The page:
Making Tough Decisions the Right Way

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Running a business is not easy and it does not come without its fair share of difficult decisions. Small business owners are not immune to the need to make these tough decisions, and sometimes it can seem that none of the alternatives are all that pleasant. On the flip side, the various options might all seem good, leaving you to wonder which one to choose.

Of course, regardless of the decision that is ultimately made, there will always be consequences and implications that go along with it. Learning how to balance your emotions, take steps to properly analyze the options, and considering each possible decision that can be made in light of those implications is critical when it comes to maintaining your success and your sanity.

Types of business decisions

What types of business decisions are we talking about? Well, any and all of them! There are honestly so many different decisions that could pop up for both small owners and large business executives that it would be impossible to list them all here.

Examples of common business decisions:

  • Whether or not to fire an employee
  • Whether or not to hire an employee
  • How to allocate company resources
  • Whether or not to borrow money to fund new initiatives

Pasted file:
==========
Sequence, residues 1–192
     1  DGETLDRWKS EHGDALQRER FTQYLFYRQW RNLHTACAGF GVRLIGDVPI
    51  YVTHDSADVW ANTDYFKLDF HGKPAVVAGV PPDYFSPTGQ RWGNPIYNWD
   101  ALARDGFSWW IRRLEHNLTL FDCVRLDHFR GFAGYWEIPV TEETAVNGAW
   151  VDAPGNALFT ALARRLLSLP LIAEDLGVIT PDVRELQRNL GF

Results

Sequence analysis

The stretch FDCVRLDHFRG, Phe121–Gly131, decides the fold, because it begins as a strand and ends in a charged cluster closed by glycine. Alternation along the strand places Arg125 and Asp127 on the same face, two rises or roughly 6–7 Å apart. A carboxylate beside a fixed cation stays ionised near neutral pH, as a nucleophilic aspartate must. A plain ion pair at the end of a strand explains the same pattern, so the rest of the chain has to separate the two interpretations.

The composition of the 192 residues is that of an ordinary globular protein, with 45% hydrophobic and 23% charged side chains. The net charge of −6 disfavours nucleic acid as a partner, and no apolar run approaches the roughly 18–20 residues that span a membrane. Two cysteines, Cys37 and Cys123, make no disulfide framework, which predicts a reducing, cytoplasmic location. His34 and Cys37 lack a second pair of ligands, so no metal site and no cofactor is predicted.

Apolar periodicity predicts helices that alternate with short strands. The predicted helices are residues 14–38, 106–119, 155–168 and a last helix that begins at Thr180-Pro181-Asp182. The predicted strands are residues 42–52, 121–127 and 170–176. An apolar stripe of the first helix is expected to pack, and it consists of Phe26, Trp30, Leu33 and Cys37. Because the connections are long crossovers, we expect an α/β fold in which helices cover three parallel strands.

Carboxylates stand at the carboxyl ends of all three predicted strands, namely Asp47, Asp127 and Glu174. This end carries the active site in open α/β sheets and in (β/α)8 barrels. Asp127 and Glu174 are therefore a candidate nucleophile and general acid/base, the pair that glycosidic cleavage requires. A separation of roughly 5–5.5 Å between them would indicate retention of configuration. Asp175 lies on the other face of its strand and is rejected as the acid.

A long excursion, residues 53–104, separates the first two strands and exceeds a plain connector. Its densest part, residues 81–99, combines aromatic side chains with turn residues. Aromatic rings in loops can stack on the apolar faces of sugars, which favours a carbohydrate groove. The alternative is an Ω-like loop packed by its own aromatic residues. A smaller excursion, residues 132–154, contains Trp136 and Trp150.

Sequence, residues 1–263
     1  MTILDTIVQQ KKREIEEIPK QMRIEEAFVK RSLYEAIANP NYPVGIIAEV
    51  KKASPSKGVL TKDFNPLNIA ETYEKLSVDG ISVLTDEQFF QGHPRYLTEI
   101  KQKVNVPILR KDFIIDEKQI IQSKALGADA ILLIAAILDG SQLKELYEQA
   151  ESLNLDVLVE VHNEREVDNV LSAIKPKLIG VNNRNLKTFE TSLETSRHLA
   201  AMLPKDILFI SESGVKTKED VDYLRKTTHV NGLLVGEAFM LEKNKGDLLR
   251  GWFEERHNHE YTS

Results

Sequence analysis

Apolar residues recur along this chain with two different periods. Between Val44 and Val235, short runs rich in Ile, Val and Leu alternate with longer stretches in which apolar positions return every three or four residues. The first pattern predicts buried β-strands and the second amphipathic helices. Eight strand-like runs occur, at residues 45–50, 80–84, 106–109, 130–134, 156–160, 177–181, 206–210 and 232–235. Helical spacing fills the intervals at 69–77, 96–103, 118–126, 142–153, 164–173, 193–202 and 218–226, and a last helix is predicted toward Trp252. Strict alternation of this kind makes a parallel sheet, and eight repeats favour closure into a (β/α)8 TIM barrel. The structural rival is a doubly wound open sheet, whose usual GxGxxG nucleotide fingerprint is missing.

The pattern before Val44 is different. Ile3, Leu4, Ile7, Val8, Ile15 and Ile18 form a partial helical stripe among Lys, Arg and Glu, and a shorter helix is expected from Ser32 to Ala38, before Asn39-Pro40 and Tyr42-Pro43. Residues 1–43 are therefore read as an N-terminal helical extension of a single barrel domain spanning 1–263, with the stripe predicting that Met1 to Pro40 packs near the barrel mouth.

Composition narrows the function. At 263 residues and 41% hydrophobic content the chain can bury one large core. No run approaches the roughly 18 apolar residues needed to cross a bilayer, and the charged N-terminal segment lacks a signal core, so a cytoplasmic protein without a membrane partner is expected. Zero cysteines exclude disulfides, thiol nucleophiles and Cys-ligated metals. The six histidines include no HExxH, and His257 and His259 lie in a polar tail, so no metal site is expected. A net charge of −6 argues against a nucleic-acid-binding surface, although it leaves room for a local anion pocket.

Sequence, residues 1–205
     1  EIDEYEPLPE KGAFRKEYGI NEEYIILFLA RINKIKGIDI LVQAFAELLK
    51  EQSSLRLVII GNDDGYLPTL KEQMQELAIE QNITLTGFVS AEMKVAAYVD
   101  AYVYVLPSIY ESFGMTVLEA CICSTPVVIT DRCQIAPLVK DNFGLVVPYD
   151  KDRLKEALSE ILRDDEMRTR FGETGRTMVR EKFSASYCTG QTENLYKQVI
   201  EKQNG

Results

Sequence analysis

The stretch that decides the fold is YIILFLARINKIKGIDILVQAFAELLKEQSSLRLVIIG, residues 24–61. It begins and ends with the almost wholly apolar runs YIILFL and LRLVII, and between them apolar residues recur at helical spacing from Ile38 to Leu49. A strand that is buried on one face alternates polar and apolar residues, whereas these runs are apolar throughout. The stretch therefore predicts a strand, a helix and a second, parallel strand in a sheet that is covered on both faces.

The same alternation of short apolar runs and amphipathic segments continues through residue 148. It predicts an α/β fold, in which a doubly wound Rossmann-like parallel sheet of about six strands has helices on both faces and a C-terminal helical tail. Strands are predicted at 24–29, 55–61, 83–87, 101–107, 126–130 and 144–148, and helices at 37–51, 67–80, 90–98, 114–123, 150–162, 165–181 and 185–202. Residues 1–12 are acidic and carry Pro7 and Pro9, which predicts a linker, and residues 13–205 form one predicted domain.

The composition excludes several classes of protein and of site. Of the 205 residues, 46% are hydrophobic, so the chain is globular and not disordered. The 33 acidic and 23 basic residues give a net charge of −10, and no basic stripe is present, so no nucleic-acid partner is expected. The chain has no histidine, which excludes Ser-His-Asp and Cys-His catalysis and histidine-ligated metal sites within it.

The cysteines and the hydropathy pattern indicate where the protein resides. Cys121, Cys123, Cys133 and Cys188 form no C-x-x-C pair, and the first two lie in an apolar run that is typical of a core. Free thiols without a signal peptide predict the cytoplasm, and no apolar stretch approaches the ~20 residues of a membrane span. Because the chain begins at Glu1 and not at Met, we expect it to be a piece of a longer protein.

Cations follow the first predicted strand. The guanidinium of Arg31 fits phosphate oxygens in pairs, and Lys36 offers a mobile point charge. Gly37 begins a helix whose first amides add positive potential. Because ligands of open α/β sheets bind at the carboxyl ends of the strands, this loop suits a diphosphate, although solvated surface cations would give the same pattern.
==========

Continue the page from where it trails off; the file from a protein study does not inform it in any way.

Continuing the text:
• Whether or not to involve investors who will take some control away from you
  • Which products to cut and which to pursue
  • How to hold a difficult conversation with someone

These decisions all make an impact on the day-to-day running of your business—or do they?

Do you know the implications of each option? If not, you should, because this is critical to your overall success. You just need to know how to think about each option. First, let’s take a look at the role of emotions when it comes to making decisions.

Emotions in decision-making

It has been proven that decisions are at least in part based on emotion. In fact, Janet Crawford, a pioneer in the field of bringing neuroscience to the realm of business, told Forbes that our innate biology controls about 90 percent of what we do, while the other 10 percent is what our logical brain contributes. Crawford says that business leaders that understand this are at an advantage.

With this in mind, it might seem that Brian Tracy—a well-respected business consultant who came up with a decision-making method called zero-based thinking—is way off in left field. As Forbes describes this method of decision-making, you are “more concerned with what’s right rather than who’s right.”

This is all about thinking like an entrepreneur. It involves looking at past decisions, about going back to before you made the decision and considering your position at the time, in light of how it turned out. Would you do anything differently than you did the first time? More importantly, does this mean not taking emotion into account? No, it doesn’t.